After the English invasion of Ireland, wearing green could get you killed as surely as wearing red, white and blue in Iraq could today.
The Irish, Catholics and Protestants alike, fought under a green banner against the "Orangemen" occupying their land. Green became a symbol of the proud Irish rebel and shamrocks a political statement of Irish nationalism against English occupants who outlawed their language, education and faith.
St. Patrick's Day is a celebration of the survival of a race that faced genocide from famine and oppression and overcame religious persecution, economic oppression and exploitation here and abroad. The Irish came to the United States seeking freedom, but instead were greeted with racism, forced to celebrate Mass in secret and compete for positions in slavery.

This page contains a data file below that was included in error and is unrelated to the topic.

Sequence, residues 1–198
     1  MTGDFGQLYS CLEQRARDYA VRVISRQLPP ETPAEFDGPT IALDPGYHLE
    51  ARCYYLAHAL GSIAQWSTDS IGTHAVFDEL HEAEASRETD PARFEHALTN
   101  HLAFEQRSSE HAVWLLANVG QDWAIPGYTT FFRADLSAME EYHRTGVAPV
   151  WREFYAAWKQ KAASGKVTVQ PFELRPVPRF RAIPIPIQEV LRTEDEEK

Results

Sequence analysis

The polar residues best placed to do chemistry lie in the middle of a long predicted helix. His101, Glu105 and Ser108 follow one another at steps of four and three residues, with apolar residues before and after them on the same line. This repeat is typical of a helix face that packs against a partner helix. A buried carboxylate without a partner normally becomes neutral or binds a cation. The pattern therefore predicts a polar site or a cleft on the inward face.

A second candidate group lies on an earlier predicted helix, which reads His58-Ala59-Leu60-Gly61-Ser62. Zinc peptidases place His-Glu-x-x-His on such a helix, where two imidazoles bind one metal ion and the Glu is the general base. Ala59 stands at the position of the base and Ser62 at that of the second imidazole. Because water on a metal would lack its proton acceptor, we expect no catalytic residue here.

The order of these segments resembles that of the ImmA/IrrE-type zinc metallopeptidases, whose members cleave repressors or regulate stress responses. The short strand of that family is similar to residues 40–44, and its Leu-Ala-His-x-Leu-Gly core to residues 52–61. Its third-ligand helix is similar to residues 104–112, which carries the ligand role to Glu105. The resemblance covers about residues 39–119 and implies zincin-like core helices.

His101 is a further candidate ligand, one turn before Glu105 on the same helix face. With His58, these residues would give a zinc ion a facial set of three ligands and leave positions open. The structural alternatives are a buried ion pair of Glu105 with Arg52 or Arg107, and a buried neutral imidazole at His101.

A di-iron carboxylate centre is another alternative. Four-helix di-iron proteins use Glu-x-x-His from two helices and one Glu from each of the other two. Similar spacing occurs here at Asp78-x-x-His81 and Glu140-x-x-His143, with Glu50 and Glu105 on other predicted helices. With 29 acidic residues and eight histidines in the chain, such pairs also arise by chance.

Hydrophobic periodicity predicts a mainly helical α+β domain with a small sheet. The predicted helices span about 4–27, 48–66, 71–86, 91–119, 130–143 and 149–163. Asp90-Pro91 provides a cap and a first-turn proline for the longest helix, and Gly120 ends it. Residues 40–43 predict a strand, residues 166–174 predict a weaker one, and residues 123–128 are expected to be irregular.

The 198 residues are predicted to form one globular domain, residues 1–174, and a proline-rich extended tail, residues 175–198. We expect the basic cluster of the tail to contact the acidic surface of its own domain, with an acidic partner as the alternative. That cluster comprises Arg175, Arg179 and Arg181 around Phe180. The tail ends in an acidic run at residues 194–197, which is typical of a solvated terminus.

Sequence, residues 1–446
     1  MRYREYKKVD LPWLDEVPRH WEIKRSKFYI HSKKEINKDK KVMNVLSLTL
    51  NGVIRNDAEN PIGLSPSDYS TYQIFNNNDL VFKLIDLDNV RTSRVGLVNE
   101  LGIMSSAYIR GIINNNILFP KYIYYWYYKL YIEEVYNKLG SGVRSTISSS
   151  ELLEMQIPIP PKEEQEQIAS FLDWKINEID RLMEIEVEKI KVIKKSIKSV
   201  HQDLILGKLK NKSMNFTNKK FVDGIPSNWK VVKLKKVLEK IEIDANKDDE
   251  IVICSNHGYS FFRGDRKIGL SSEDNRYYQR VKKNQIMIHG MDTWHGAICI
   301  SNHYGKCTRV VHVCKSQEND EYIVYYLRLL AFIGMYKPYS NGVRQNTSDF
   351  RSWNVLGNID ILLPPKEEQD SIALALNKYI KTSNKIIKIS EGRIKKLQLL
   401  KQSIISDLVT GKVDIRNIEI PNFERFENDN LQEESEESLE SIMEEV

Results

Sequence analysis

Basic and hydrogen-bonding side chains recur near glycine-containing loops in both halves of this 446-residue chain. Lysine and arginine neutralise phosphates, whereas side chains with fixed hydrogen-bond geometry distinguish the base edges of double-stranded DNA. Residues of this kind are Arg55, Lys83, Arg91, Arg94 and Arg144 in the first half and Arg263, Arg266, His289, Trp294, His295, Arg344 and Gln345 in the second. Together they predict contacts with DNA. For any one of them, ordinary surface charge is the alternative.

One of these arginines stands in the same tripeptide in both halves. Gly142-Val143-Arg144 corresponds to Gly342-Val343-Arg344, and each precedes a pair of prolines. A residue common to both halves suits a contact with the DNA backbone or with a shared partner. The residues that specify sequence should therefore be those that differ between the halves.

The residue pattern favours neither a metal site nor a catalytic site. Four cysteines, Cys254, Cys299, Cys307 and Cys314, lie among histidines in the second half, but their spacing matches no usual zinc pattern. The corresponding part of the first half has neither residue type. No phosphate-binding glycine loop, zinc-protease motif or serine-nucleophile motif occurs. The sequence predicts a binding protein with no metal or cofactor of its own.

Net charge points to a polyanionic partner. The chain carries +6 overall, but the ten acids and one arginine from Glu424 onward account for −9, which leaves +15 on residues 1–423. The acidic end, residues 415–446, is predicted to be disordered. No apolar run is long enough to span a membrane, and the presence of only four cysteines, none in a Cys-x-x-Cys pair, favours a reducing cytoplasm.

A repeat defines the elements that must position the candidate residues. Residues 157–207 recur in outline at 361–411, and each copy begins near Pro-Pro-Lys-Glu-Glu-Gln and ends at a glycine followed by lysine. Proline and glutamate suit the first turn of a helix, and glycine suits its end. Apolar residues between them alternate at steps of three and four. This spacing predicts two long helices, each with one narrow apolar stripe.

When the Irish immigrated to the U.S. because of the potato famine, most Irish were thought to be no good drunkards and they were pretty much not excepted and ridiculed. When St. Patrick's Day would arrive, few wore green because of this oppression and few didn't so they pinched those who didn't wear green for lack of pride and it was passed down.